These chocolate-crusted mini pies have an ice-cream like frozen filling, inspired by my favorite flavor: mint chocolate chip. Rolling crushed dark chocolate wafer cookies into the dough creates a taste that mimics that of a chocolate cookie crust.....without the crumbly mess.
- 3 cups (750 mL) all-purpose flour
- 6 tbsp (90 mL) unsweetened cocoa powder
- 6 tbsp (90 mL) granulated sugar
- 1/2 tsp (2 mL) salt
- 8 oz (250 g) cold unsalted butter, cubed
- 1/2 cup (125 mL) cold buttermilk
- 1 large egg yolk
- 1-1/2 cups (375 mL) crushed chocolate wafer cookies
- 4 large egg yolks
- 2-1/2 tbsp (37 mL) cornstarch
- 1/3 cup (75 mL) granulated sugar
- 1 cup (250 mL) whole milk, divided
- 3/4 cup (175 mL) heavy or whipping cream
- 2/3 cup (150 mL) chopped white chocolate
- 1/4 cup (60 mL) Crème de Menthe
- 2 tbsp (30 mL) white Crème de Cacao
- Green food coloring (optional)
- Peppermint extract (optional)
- 1/2 (125 mL) cup finely chopped bittersweet chocolate (can substitute mini chocolate chips)
- In food processor fitted with a metal blade, pulse flour, cocoa powder, sugar and salt to combine. Scatter butter pieces over the flour mixture and pulse several times until the pieces are the size of peas.
- In a small bowl, whisk buttermilk with egg yolk. Drizzle half of buttermilk mixture over the flour and pulse 4 to 5 times to combine. Add 1 tbsp (15 mL) more buttermilk at a time; just until the dough begins to hold together in moist clumps when pulsed (you might not need all of the buttermilk.)
- Transfer dough to a large piece of plastic wrap and gather it into a ball. Flatten the ball into a disk and wrap it in plastic. Refrigerate for at least one hour before using.
- Scatter a lightly floured work surface with a handful of the cookie crumbs (see photos, above.) Roll out dough on the surface to 1/8-inch (3 mm) thick, so that the cookie crumbs become embedded into the crust. Using a 4-inch round cutter, cut into rounds and carefully fit into muffin cups (there may be some overlap.) Reroll scraps and scatter additional cookie crumbs as necessary.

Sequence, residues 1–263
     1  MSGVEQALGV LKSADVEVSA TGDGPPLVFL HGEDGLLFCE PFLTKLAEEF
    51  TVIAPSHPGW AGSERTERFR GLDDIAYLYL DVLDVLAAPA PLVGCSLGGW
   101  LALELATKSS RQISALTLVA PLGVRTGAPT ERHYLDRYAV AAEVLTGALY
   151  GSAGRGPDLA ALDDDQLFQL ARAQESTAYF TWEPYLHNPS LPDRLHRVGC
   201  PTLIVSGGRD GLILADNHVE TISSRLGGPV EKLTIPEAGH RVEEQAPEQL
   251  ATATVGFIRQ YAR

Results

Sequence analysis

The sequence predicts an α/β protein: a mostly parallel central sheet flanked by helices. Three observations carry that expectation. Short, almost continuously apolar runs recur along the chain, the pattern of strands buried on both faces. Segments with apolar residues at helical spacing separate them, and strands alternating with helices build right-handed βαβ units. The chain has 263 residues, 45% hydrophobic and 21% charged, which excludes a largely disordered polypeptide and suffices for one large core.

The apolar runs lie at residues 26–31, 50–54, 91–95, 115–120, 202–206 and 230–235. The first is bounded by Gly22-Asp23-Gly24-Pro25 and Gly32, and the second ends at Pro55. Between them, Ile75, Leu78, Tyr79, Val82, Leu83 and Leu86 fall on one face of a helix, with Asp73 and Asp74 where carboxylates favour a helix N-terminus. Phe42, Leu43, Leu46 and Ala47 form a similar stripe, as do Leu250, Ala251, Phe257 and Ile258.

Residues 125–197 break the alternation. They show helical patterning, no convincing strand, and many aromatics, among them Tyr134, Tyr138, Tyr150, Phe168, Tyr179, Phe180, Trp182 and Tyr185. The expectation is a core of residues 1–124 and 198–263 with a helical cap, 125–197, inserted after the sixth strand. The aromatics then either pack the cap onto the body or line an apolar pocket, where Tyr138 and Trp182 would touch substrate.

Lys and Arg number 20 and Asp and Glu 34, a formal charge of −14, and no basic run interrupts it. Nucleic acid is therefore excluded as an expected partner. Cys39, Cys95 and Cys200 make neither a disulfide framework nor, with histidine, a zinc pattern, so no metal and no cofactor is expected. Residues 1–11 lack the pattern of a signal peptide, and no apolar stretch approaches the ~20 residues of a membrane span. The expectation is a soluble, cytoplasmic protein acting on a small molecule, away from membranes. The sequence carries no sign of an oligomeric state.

- Freeze the tins for 30 minutes. Meanwhile, preheat oven to 350F (180C.)
- Blind bake the shells: Cut squares of parchment or aluminum foil large enough to line the insides of the muffin cups with a 1-inch overhang. You will need one square for each pie shell. If using foil squares, lightly butter one side (this will prevent sticking.) Press one square of parchment or foil (butter side down) into one pie shell. Weight the lining with pie weights or dried beans, filling almost to the top edge of the shells (see photo, above.) Repeat the process with the remaining shells. Bake the shells in the center of the oven for 12 minutes. Carefully remove the weights and parchment, and continue to bake until the shells are browned and set, 5 to 7 minutes longer. Let cool completely in pans.
- In a large bowl, whisk together yolks, cornstarch, sugar and 1/4 cup of the milk.
- In a medium saucepan, bring remaining milk and cream to a simmer. Slowly add hot milk mixture to egg mixture, whisking constantly, until smooth. Return the mixture to the saucepan and whisk constantly over medium-low heat until thickened, 4 to 5 minutes. Add white chocolate and whisk until melted.
- Remove saucepan from heat. Whisk in Crème de Menthe and Crème de Cacao. If you would like a greener color for your pies, whisk in a few drops of green food coloring. If you want a mintier flavor, add a bit of peppermint extract. Cool completely, then whisk in chopped chocolate.
- Spoon about 2 tbsp (30 mL) filling into baked shells, smoothing tops. Transfer tins to freezer for at least 4 hours, or until pies are frozen. Carefully unmold and serve.
Once pies are frozen and unmolded, they can be covered in an airtight container and frozen for up to 5 days.